Within “Athena’s” first ten minutes we witness a tense press conference erupt into violence, a raid on a police station by angry youths and a thrilling race back to their urban fortress with pillaged goods. Only after a barrage of breathless action and mind-boggling camerawork, when they mount the barricades in victory, does the director decide to call cut.
Gavras and his cinematographer Matias Boucard have concocted an all-timer of a tracking shot to kick off this new Netflix thriller, tailor-made to grab audiences by the throat. It’s the kind of long take that makes the opening of “Touch of Evil” look like it could’ve pulled its socks up; that makes the raid in “True Detective” look like a walk in the park. It’s an adrenaline shot to the heart and sets a pace impossible to maintain. But across 97 relentless, exhilarating minutes, this movie is going to try.
Karim (played by newcomer Sami Slimane) is grieving the loss of his younger brother, beaten to death by uniformed officers — the third case of police brutality in two months at Athena, an impoverished community on the outskirts of Paris. He wants names but the police deny responsibility. Their brother Abdel (Dali Benssalah, “No Time To Die”) is a soldier pleading for peace, while oldest brother Koktar (Ouassini Embarek) is a drug dealer worried a riot will be bad for business. Karim, meanwhile, has emerged as a figurehead ready to take a generation to battle.
Soon after the raid, police descend on Athena to face down the youths. Caught in between are their parents and extended families. The film questions their passivity while asking sympathy for them, as well as Jerome (Anthony Bajon), a frightened officer sent into the fray. But mainly we’re channelling Karim’s righteous anger, unpersuaded by his brothers’ interventions.
Gavras and co-writers Ladj Ly and Elias Belkeddar tell the story of the siege that follows nearly entirely within Athena’s concrete labyrinth, building around a series of long takes emphasizing the chaos of running skirmishes and Karim’s makeshift plans. Filmed with IMAX cameras, Molotov cocktails and Roman candles launch into the night; masses of bodies fill corridors, race across rooftops and crash into one another to the sound of a baroque score.
What if the Trojan War took place in a Parisian housing estate? It might look like this. With its clashing brothers, mythologized men and epic sense of scale, “Athena” is reminiscent of Greek tragedies of old. Yet its pains are rooted in the today — and they’re keenly felt. It’s a bravura piece of cinema from a general behind the camera; one that inevitably calls attention to the art of warfare that is filmmaking itself. The logistics of it all makes the head spin.
“Athena” is in select cinemas now and is available on Netflix September 23.
The interview: Romain Gavras, writer-director
Gavras, an alum of music videos including Kanye West and Jay-Z’s “No Church in the Wild,” is no stranger to capturing an uprising. But he’s never done it at this scale before — no wonder he cites epics like Francis Ford Coppola’s “Apocalypse Now” and Akira Kurosawa’s “Ran” as inspirations for “Athena.”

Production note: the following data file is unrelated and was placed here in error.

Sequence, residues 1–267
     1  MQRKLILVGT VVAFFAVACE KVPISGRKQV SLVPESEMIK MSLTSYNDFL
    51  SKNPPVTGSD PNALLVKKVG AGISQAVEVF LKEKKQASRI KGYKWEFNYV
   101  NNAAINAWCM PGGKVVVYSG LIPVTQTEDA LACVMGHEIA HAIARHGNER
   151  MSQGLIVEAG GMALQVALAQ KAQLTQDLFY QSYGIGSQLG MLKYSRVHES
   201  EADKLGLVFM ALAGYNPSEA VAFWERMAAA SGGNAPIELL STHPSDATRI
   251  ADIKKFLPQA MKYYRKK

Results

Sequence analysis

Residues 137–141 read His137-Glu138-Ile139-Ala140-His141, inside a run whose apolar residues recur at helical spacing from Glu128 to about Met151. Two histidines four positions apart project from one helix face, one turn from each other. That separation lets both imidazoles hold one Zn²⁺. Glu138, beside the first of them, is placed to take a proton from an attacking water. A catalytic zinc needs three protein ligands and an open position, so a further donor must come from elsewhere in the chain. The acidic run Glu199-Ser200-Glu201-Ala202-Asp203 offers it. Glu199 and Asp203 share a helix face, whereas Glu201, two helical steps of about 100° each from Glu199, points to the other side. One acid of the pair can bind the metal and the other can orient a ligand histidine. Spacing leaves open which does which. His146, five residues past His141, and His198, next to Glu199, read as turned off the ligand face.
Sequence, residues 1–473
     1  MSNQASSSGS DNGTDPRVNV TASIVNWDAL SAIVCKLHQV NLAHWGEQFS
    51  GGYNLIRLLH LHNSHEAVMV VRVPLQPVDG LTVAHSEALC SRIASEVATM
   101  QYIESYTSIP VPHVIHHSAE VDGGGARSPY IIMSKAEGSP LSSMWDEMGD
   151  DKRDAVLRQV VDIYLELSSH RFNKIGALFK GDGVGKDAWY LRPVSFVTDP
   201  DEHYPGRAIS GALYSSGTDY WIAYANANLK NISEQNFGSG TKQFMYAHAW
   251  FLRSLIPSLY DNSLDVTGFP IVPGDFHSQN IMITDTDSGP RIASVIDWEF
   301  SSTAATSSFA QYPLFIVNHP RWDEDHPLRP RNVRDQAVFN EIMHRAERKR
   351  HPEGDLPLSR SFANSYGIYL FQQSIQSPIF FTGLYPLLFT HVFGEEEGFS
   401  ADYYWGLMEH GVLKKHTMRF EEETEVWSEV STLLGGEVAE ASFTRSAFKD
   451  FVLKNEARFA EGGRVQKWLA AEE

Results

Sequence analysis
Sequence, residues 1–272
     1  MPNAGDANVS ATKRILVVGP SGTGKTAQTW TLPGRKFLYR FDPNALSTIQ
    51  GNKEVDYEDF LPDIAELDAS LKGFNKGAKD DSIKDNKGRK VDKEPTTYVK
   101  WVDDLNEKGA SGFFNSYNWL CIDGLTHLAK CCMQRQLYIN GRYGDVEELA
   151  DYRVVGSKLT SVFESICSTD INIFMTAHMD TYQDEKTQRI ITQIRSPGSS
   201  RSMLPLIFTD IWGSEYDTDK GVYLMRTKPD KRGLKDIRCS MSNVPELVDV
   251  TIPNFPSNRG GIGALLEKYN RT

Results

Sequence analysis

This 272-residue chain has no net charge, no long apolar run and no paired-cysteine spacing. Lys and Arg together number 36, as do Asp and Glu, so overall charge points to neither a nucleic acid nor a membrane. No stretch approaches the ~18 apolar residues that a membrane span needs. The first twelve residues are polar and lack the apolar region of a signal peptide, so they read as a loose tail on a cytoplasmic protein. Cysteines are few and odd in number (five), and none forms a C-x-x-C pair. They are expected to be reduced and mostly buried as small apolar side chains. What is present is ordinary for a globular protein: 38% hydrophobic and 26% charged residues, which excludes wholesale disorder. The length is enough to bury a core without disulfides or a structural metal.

“There’s no CGI in the film, we do everything for real,” Gavras says. “The planning, weirdly, was almost military and very precise to create chaos in front of the camera.”
To hear more from the writer-director, read our full interview.
One to stream now: “Saloum”
Congolese filmmaker Jean Luc Herbulot delivers a lively midnight movie about three mercenaries on the run in a remote corner of Senegal. Yann Gael, Roger Sallah and Mentor Ba entertain as tough guy gunslingers, but their cocksure attitude is tested when a paranormal foe threatens them and their stash of gold. Herbulot’s twisty neo-Western (a “Southern,” he calls it) packs plenty of themes and undead West African history into its tight runtime. The spectre of colonialism and the exploitation of people and place loom large, offering a sombre note. Nevertheless, it’s good pulpy fun with a fierce imagination and eye-catching visual flair.
“Saloum” is available on Shudder in the US.
One to bookmark for later: “No Bears”
Every new Jafar Panahi movie feels like a small miracle. The Iranian director has been banned from leaving the country and from making films for more than a decade, yet he’s continued to find a way. In “No Bears,” Panahi plays a version of himself who’s travelled to a border village to remotely direct a movie in neighboring Turkey. He becomes trapped in a local dispute, accused of photographing a couple’s illicit encounter, the woman having been promised to another. Meanwhile, the real-life couple in his film plots an exodus. Borders of all kinds loom large. Harried by villagers who treat him and his camera with suspicion, and with authorities asking questions, the director weighs what place might be best for him.
Mulling the perils of observation and the unforeseen consequences of making art, “No Bears” is a richly layered metafiction, typically self-reflexive and inseparable from its context. Circumstances have transformed Panahi’s filmmaking into an act of dissent. This may be his best and most defiant work from this period. It’s also the most poignant. Panahi was arrested and imprisoned in July to serve a previously unenforced six-year sentence for “propaganda against the system,” per Reuters.
At the Venice Film Festival in September, where the movie won a Special Jury Prize, an empty seat was reserved for the director after its premiere. “Our fear empowers others,” a character tells the director in “No Bears.” Panahi has demonstrated his bravery once again.
“No Bears” has its US premiere at the New York Film Festival in October.